“We are in severe shortage of nasopharyngeal testing kits,” he said. “This serology testing may take off some burden of people who have mild symptoms for one to two weeks weeks, rush to the emergency room and ask for testing of COVID19. We just like to give people another option, and give the people more information about their infected status. We are not trying to replace the standard of care.”
‘People are really scared’
Still, other physicians worry.
“People are really scared. We’re in an environment where there’s a lot of information and misinformation, a lot of high stress and anxiety,” said Jon Quach, an assistant professor in the internal medicine department at UCLA’s David Geffen School of Medicine.
At hospitals such as UCLA’s, patients who get coronavirus tests are carefully screened. The medical team includes experts in infectious disease, epidemiology and public health. It takes clinical expertise and knowledge to administer non-FDA approved rapid IgG/IgM tests and then process the results in an effective matter, said Quach, speaking for himself and not the university.
It’s not clear how much assistance Dao is getting on those fronts. Quach worries that a patient in the early stages of infection could get a false negative, then go visit an elderly relative, spreading the disease quickly through a very vulnerable population.
False positives are also possible if someone had been exposed to a different coronavirus.
“Our role as physicians is to ensure the well-being of our communities, and one of the first pillars of being a doctor is, ‘Do no harm,’ ” Quach said.
No FDA objections
The serology tests are not illegal, and the FDA said it “does not intend to object” to their development and distribution by commercial manufacturers, so long as the FDA is notified and patients understand that the test isn’t FDA approved.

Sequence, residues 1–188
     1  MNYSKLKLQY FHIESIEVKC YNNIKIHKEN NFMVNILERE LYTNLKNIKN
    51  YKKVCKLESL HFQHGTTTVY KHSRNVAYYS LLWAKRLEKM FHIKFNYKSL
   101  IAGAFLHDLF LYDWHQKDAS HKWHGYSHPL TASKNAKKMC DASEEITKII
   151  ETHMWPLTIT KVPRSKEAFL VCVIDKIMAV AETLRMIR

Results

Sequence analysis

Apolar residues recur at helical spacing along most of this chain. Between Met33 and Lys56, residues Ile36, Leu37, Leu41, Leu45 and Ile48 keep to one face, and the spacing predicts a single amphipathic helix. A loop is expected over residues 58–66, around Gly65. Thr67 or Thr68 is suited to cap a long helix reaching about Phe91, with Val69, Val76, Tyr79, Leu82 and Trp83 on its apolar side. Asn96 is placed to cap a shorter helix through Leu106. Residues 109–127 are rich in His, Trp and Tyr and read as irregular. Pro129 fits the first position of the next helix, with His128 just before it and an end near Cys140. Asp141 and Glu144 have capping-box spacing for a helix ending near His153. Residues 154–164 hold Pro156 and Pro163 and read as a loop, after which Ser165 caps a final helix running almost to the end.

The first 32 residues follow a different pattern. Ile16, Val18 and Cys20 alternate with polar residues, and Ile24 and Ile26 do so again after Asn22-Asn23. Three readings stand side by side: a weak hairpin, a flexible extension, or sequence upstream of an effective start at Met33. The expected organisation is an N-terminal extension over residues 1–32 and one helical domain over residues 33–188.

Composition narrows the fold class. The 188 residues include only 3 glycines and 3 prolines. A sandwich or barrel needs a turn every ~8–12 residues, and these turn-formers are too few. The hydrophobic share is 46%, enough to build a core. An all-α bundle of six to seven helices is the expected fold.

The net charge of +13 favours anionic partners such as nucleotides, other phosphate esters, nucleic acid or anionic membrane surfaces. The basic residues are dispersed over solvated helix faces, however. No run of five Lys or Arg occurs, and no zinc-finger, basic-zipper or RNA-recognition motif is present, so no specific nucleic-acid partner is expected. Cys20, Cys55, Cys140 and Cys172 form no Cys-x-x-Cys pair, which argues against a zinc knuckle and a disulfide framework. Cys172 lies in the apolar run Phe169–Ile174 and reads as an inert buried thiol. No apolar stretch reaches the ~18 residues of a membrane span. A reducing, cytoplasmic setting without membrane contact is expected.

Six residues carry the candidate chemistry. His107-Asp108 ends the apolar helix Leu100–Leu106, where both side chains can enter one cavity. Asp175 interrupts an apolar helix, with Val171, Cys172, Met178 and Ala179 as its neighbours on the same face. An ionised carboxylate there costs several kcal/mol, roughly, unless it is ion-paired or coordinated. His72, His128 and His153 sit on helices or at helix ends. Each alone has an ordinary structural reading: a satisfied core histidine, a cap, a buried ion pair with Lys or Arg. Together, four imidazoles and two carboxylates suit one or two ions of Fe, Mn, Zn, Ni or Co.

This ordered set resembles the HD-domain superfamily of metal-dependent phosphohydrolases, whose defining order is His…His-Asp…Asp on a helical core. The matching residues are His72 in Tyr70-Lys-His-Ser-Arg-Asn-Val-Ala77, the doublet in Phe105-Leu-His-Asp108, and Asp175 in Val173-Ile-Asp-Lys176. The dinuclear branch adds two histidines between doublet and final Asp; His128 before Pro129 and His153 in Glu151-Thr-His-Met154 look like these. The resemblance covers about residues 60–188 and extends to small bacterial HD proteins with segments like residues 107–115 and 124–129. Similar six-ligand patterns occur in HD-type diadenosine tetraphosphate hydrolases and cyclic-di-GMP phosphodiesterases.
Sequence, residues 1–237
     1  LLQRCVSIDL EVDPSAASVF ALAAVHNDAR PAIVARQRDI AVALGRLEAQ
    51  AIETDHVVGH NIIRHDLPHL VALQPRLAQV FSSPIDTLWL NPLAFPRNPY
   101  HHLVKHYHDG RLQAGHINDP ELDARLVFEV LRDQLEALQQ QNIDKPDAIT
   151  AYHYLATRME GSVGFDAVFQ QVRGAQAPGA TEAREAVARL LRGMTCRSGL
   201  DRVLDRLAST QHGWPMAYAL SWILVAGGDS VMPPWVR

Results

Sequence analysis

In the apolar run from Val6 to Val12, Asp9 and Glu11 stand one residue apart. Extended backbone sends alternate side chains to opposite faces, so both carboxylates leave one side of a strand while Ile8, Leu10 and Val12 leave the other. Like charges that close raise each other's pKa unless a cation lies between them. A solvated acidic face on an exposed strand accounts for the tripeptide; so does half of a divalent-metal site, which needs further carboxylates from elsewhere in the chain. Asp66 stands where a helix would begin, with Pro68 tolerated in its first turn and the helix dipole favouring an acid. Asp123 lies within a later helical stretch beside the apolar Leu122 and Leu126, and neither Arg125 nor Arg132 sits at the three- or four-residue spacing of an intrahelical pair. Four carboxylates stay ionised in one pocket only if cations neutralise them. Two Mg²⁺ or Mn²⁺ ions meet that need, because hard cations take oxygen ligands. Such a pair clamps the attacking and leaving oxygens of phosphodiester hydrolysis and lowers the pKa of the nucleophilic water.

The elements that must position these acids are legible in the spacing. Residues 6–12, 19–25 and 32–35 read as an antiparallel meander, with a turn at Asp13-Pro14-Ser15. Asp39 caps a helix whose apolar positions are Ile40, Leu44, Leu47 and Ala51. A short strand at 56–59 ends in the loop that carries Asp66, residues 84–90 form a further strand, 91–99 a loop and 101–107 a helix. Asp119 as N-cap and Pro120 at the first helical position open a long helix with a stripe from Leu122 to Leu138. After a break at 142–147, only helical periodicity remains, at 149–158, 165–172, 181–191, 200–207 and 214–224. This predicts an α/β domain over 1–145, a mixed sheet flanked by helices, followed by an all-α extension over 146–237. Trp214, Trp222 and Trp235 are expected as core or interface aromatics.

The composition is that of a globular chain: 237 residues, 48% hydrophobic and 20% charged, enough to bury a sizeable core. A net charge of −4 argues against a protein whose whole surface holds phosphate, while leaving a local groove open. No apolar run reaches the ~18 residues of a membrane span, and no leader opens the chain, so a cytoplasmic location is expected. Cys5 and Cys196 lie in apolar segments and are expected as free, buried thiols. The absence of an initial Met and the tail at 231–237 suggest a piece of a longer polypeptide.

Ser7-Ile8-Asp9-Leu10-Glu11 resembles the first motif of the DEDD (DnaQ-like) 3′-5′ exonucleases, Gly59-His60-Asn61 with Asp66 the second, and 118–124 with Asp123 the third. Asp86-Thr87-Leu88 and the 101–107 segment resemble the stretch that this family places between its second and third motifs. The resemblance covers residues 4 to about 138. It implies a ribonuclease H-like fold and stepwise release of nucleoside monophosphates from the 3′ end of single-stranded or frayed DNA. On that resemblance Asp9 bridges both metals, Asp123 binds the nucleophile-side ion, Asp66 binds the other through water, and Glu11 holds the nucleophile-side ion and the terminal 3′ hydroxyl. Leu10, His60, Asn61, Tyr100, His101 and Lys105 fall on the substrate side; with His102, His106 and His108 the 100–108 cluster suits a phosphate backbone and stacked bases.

That means those like Dao must include a long list of disclaimers in offering the test — including that negative results don’t necessarily rule out coronavirus infection, and that follow-up testing with the molecular diagnostic should be considered to rule out infection for those who’ve had contact with the virus.
Dao’s clinic has included the FDA disclaimers on its Facebook page listing the serology test services.
Many feel that, since molecular testing is in such short supply, the blood tests are worth a try.
Last week, at the request of Colorado Gov. Jared Polis, Denver-based AYTU BioScience won emergency-use approval from the FDA to import 100,000 serology test kits from China.
The CDC uses, and currently recommends, PCR testing to diagnose coronavirus infection. PCR is a very sensitive test, but combining it with serology testing would theoretically increase the sensitivity of testing even further. “Having two tests would allow confirmation of infection, rather than relying on a single test,” according to the Center for Health Security at Johns Hopkins University.
Serology tests were used in past coronavirus outbreaks — SARS and MERS — but were time- and resource-intensive to create because proper animal models, protocols and specific antibodies had to be developed, the university said.
As it stands, the blood antibody test has a completely different purpose than the PCR tests, Philip L. Felgner, director of UC Irvine’s Vaccine Research and Development Center and Protein Microarray Laboratory and Training Facility, told SCNG.
While the PCR test can diagnose active virus in patients, the serology test allows public health officials to measure its spread in the wider community.
Serology tests can find otherwise-healthy people who are carriers of the virus. That, in turn, allows public health officials to wield more of a chisel than a sledgehammer, pinpointing exactly where infections are spreading and issuing intense shelter-in-place measures in those specific communities, rather than across an entire state the size of California.